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Baby death shows need for collaborative care

The death of a baby during delivery demonstrates the need for collaborative arrangements between doctors and midwives.

Coroner John Hutton last month handed down his findings of an inquest into the newborn’s death following a birth intervention at Gold Coast’s John Flynn Private Hospital in 2008.

Baby Samara was born at 2.01am on November 8, 2008. She was delivered by Ventouse extraction after prolonged second stage labour. She died shortly after birth.

An autopsy concluded that baby Samara died at birth of asphyxia caused by a tight umbilical cord around her neck.

The coroners report includes 21 recommendations, several which reiterate the need for models of collaborative care, under-pinned by evidence-based guidelines which protect women and their babies from harm due to inadequate care.

Among the recommendations he made, Hutton said all women should be given balanced antenatal information and classes outlining normal and abnormal labour including when and what medical interventions might be necessary.

The issue of birth plans, he said, needs to be re-cast.

“Patients and staff need to be reinforced that a birth plan is a guide only and does not dictate the only method of delivery. Expecting mothers need to be told that birth plans are important, but are only a guide and that all concerned need to be flexible and prepared to swiftly change the birth plan and do whatever is required to deliver the baby safely,” Hutton said.

He said maternity units at all hospitals should schedule paid time for staff to understand hospital birthing policies and all maternity units should ensure there are clear guidelines and instructions for midwives as to when to refer obstetricians.

Another recommendation was that all maternity units should have a paediatrician or staff member capable of intubating a baby available to be present at all deliveries through meconium; where there is evidence of foetal distress in labour; or any instrument delivery or caesarean section.

“This tragic case of the loss of a baby, which appears from the coroner’s report to have been potentially avoidable with earlier referral to an obstetrician who could have performed lifesaving medical treatment at the appropriate time, said president of the Royal Australian and New Zealand College of Obstetricians and Gynaecologists (RANZCOG), Dr Rupert Sherwood.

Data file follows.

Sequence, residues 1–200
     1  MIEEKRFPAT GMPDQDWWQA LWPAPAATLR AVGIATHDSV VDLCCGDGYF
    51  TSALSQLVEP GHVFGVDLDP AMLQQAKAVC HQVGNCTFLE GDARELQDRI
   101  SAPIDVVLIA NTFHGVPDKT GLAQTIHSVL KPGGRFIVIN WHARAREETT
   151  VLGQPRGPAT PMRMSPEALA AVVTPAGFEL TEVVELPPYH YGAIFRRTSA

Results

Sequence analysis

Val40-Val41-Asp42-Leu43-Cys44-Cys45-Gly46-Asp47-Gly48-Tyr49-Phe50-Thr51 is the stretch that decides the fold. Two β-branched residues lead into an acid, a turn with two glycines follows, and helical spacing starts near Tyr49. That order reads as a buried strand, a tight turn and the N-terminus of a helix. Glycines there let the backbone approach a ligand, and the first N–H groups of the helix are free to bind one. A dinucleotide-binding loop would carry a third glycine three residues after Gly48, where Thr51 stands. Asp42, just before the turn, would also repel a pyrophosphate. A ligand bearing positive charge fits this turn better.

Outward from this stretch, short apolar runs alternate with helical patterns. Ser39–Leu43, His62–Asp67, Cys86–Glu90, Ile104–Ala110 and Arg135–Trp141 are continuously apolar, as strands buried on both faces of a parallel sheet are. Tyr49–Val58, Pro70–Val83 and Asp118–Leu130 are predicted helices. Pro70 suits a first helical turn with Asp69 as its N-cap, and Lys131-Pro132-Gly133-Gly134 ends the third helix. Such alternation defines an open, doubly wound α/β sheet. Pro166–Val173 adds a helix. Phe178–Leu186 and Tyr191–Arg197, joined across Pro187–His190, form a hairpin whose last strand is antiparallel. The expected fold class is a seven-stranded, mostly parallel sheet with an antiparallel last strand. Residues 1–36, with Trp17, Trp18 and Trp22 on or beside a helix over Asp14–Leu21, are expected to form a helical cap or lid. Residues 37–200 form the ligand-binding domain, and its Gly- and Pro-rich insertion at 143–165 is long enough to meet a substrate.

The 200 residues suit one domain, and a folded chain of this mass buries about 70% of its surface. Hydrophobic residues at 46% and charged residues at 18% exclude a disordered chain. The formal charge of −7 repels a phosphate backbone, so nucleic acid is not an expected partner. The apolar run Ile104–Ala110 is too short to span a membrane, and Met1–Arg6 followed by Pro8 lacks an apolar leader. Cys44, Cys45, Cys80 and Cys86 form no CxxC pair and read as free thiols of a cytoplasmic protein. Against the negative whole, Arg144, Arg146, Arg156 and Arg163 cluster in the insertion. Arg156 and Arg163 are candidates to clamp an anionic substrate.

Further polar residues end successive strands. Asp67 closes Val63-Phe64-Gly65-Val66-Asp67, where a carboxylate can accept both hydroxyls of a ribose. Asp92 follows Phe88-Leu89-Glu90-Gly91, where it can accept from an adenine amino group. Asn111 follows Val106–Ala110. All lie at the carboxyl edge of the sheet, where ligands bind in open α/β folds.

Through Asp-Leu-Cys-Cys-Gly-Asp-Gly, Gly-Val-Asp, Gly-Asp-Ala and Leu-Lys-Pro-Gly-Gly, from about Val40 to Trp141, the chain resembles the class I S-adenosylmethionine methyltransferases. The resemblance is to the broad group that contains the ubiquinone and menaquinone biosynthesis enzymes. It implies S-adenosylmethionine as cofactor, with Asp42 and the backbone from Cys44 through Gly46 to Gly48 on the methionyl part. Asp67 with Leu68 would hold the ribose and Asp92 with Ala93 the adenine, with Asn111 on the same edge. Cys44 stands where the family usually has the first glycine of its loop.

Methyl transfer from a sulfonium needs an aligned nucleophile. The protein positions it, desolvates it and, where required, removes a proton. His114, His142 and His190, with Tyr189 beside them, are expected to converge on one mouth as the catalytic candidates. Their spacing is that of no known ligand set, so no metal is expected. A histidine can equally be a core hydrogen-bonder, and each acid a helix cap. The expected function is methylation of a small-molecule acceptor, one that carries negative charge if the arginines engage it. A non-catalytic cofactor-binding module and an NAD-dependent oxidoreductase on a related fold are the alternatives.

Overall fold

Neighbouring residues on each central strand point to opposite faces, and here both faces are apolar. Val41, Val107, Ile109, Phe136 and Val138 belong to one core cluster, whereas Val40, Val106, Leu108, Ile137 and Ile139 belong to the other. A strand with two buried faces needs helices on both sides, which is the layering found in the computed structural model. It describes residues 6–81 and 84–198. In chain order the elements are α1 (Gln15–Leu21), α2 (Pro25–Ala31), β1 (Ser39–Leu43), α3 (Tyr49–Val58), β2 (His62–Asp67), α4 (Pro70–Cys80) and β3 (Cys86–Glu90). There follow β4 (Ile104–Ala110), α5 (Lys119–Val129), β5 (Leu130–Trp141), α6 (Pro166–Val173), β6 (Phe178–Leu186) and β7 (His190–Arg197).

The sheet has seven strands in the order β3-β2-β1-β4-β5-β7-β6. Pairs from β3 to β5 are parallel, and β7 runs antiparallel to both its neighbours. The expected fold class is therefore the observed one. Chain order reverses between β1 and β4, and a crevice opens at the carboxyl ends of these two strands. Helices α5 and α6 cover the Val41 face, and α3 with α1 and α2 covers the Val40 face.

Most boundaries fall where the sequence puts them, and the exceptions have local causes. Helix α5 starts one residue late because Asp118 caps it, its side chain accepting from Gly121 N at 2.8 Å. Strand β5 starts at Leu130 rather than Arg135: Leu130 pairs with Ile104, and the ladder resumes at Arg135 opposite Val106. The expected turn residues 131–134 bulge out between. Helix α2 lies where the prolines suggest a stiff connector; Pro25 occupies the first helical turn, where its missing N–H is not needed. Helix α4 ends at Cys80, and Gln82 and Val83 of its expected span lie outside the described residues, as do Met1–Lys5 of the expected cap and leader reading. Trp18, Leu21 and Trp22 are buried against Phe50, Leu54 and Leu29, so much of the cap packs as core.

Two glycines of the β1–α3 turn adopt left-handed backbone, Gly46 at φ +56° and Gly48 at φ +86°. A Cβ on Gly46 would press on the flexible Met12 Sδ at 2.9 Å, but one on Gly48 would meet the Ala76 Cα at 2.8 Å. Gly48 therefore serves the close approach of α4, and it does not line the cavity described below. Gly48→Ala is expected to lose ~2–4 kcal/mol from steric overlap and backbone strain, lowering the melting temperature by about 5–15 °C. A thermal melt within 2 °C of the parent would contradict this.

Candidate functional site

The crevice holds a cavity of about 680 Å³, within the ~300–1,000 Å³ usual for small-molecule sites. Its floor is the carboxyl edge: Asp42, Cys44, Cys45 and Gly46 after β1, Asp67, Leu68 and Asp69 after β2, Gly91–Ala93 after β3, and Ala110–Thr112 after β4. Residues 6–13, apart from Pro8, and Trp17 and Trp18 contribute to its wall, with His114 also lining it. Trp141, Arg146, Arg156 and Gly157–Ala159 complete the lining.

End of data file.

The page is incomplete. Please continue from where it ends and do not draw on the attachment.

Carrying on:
“This highlights two critical aspects of good collaborative care between midwives and doctors, namely the importance of following established protocols such as fetal heart monitoring when indicated, and timely referral to another member of the team with training and expertise to intervene in a safe and timely manner.”

Sherwood said RANZCOG has repeatedly stated that failure to work as a team in a truly collaborative manner has the potential to lead to tragedy, as in this case at the John Flynn Hospital.

“The coronial report highlights the need for accurate medical records and adherence to well researched and agreed protocols for monitoring the well-being of both mother and baby, particularly during labour. The need for fully informed consent processes and birth plans that are realistic and are focused on safe, achievable outcomes is also noted,” said Sherwood.

“We will not support collaborative care models that in any way compromise the safety of patients who place their trust in us as maternity care providers.”

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